Globalization And Its Effects On Global Warming.
Global warming is now an international issue and is in an alarming state, it has attracted attention of all countries in the world. As global warming negotiations move from Bali towards a worldwide treaty, it is important to address how global warming and global trade work hand-in-hand. Globalization can be very closely related to global warming. Globalization means increase in global trade and is definitely a major contributory factor for very high rate of increase in global warming. Unless world wisely limits rapidly accelerating global trade, world will see equally disastrous and deadly results, worsening global warming and a continued chemical poisoning of the world.
For nearly a generation, the mainstream pro-globalization forces have ignored climate change. Instead the world population has been bombarded with the virtues of liberalized trade: It drives down prices, increases efficiency, lifts nations out of poverty, and contributes to overall global prosperity. Those who questioned NAFTA, CAFTA, GATT, and the like are derided as “protectionists,” who force artificially high prices on the rest of the population while making world economy less competitive. Manufacturing unions attempting to stop the destruction of millions of middle-income, U.S.-based factory jobs are vilified as elitists who are more concerned about the privileged few than about the poor who gain new jobs in developing nations.
Globalization is a policy, not an act of God.Human policy-making shapes expanding world trade. And the policy of trade liberalization, among other things, is warming the planet.
Global warming, however, puts a question mark in this new global utopia because it demands that world population should also include the costs of externalities — the carbon dioxide emitted from shipping and flying goods all over the globe — goods that could easily be produced much closer to the point of consumption.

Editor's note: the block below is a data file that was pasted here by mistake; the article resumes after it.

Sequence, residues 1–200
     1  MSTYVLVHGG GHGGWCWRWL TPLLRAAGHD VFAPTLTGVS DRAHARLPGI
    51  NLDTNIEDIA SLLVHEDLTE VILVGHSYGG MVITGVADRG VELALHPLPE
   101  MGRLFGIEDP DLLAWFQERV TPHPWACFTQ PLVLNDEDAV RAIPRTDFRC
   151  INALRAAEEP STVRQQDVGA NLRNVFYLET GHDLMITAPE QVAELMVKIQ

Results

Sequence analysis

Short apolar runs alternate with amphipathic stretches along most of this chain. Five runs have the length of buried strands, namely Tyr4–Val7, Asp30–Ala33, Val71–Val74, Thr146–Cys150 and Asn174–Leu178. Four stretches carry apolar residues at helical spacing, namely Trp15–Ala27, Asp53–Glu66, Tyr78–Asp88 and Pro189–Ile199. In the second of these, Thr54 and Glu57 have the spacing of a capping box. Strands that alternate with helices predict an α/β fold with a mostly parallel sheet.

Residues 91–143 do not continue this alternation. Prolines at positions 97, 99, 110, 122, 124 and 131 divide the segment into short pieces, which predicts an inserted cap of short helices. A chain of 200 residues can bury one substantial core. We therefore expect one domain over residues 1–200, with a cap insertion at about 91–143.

From a CO2 perspective, it’s folly to increase air traffic in international scale to import and export goods those are easily available in domestic or nearby markets. And under current trade policies, the third world countries will import the next wave of high-efficiency light bulbs to save energy while wasting some of the gain on the carbon used to transport them here from around the globe.
But the crux of the globalization issue is hyper-development. Expanded trade indeed has contributed to the enormous economic growth rates in China and India. As a result, China’s appetite for fuel and power has grown exponentially: As the New York Times reported, every week to 10 days, another coal-fired power plant comes online in China large enough to serve a major U.S. city.
Analysts argue this too will pass when global carbon cap and trading schemas are put in place, and a price, in effect, is placed on carbon emissions. This, world is told, will lead to a burst of new technologies and efficiencies that dramatically reduce global warming gases. Perhaps. But it seems this should have been thought through as part of trade liberalization, rather than left to the indefinite future. As a result, world is trapped in a race against the accelerating forces of rapid, carbon-fueled development unleashed by the countries very own trade policies. In this race as onto the third world country’s store shelves and into our homes come toxic toys, toxic pharmaceuticals, toxic toothpaste, and toxic dog food — very predictable products of accelerated global trade.
Unfettered global trade will make efforts to reverse global warming and deliver safe products to our country all the more difficult. We must start with a renunciation of our fatalism and put a halt to the name calling. In fact, we should thank the labor and environmental critics of accelerated trade for alerting us to these dangers.
We also will need carefully constructed border adjustment taxes so that new green, carbon-reducing industries can be nourished at home. Those high efficiency light bulbs, wind generators and solar panels should not be imported from factories tied to inefficient energy sources sent from afar on ships and planes burning fossil fuels. The next wave of green products should instead be manufactured closer to where they will be used, creating homegrown, green jobs while helping to reduce global warming.